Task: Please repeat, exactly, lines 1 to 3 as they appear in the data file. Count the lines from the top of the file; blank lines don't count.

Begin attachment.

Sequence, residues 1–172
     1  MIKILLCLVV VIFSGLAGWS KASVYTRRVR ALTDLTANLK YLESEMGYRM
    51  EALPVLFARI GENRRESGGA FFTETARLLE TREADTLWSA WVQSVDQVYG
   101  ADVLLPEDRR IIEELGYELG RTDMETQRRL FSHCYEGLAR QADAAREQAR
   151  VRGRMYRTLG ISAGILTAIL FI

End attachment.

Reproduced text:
Sequence, residues 1–172
     1  MIKILLCLVV VIFSGLAGWS KASVYTRRVR ALTDLTANLK YLESEMGYRM
    51  EALPVLFARI GENRRESGGA FFTETARLLE TREADTLWSA WVQSVDQVYG